I’ve always had Shane down as simply drunk as a brewer’s fart.
This book, a chat over drinks with his wife Victoria, brings out some of the kind, human, down-to-earth, honest and very Irishly funny qualities of the lead singer of The Pogues (and former member of the Nipple Erectors).
Lynn Barber, in The Observer, says of the book, ‘One of the freshest, most original biographies I’ve ever read.’.
Some morsels for you on sex, drugs, marriage, and definitive Irish nurturing.
Your favourite bit, aside from O, she doth teach the torches to shine bright! and But, soft! What light through yonder window breaks?
(I love Willy when he does the puppet word shadow order thing – okay, okay, I’ll keep practicing – remember that delicious Though hast by moonlight at her window sung from A Midsummer Night’s Dream a couple of posts back?)
Mine’s got to be the nurse dealing with the big sleep. But first it would be unfair not to bow to the boys who land some lovely love lines. Take Mercutio.
With the prolapse a little less livid, I’m able to sit still long enough to do something I’ve always wanted to do.
Don’t worry, you can open your eyes.
Take a deep breath.
It’s an OCD’d glossary bringing together the Looking-glass book containing Jabberwocky that Alice finds when with that wacko the White Knight, and the compelling definitions of the words in the first verse of the same poem given later on by that cocky fancy-pants Humpty Dumpty. (I think he was pushed.)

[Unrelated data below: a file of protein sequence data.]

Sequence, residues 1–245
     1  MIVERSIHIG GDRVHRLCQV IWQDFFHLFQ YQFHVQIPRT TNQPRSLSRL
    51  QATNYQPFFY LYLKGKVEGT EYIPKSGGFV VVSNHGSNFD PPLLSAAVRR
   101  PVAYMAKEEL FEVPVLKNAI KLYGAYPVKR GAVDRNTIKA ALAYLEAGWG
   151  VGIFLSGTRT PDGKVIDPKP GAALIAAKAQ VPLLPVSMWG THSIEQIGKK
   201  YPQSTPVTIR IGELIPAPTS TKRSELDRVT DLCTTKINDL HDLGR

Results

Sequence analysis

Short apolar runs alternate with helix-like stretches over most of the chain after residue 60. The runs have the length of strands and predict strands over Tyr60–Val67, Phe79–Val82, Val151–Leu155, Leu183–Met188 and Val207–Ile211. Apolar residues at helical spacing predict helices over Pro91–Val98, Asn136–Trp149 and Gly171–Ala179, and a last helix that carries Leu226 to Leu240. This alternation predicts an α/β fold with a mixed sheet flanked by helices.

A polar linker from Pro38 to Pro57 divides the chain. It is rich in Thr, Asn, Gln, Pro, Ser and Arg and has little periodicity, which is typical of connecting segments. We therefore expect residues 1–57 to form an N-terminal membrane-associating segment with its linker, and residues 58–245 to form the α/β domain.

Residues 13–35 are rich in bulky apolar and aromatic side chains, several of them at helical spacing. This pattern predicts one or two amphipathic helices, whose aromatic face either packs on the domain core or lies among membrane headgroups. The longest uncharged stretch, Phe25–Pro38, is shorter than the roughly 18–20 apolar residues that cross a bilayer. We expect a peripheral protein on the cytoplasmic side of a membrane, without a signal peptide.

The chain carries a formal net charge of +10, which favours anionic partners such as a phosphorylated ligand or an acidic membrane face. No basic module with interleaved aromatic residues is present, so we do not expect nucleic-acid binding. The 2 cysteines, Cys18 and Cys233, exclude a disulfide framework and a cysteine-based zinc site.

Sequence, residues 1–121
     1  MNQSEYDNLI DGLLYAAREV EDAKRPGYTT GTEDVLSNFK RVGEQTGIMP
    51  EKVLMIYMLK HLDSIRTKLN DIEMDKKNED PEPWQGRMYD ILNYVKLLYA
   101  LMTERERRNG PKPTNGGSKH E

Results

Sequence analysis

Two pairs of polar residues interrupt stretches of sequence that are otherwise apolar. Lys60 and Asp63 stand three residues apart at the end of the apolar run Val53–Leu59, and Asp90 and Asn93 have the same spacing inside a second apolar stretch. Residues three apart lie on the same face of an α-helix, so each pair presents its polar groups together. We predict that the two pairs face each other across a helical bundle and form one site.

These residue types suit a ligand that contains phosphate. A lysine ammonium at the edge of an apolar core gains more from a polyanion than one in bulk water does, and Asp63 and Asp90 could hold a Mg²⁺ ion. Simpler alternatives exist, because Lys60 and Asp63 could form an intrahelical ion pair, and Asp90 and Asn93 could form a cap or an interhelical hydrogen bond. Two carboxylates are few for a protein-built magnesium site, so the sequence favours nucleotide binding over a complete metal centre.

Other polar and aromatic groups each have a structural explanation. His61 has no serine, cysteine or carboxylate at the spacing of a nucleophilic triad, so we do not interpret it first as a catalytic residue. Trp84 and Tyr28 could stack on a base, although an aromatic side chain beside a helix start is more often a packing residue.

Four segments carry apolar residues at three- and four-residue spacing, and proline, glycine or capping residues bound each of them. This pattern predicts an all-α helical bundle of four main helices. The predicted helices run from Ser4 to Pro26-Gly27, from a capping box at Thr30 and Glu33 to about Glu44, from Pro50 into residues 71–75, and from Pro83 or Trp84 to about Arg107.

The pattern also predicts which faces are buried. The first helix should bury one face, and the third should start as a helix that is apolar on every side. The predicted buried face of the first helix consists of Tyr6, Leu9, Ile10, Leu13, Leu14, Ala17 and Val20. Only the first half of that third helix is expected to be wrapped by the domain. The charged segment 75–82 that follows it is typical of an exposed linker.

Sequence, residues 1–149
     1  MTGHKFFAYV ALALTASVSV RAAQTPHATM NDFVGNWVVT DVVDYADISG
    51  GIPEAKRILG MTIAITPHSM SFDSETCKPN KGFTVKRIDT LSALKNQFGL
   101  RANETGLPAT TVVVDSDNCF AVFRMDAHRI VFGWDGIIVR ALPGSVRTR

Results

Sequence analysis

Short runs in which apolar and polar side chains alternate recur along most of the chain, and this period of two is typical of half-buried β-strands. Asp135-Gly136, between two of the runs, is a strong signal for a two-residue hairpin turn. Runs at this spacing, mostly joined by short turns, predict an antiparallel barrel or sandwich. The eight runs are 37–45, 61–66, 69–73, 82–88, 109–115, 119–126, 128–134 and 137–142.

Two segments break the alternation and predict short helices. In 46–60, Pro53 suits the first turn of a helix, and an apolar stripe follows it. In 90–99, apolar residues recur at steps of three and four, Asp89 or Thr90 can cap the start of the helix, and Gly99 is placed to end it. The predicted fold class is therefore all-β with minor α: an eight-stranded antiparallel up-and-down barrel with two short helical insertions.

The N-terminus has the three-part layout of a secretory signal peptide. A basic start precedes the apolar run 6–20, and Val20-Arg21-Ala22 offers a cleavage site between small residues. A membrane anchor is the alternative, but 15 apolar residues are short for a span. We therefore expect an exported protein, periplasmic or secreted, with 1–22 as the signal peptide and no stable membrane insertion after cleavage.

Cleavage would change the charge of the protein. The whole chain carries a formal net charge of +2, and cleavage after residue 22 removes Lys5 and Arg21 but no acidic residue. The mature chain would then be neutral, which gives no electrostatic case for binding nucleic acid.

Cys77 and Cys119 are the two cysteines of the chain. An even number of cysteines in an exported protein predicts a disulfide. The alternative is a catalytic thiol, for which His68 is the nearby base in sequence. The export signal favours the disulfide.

Your favourite bit, aside from knowing a bank where the wild thyme blows, Methought I was enamoured of an ass, and My cherry lips have often kissed thy stones?
Mine’s got to be, apart from Oberon’s joyfully puerile And loos’d his love shaft smartly from his bow, pissed-off and indignant papa Egeus whinging about his daughter Hermia being courted by the relentless Lysander.
Sit back and enjoy wonder boy Lysander in action. Butter wouldn’t melt in his mouth.
Better than illicit sex. Honey on toast. Chocolate and beer.
Maybe not chocolate and beer.
Sweet is the unputdownable book in which sod all happens.
…life was like that for most of us – the small unpleasantnesses rather than the great tragedies; the little useless longings rather than the great renunciations and dramatic love affairs of history and fiction.
Thriller writer Raymond Chandler said if you’re ever stuck on what happens next, get someone to walk in with a gun in their hand.
Well, Pym’s self-effacingly unattached protagonist Mildred Lathbury does it with a pot of tea.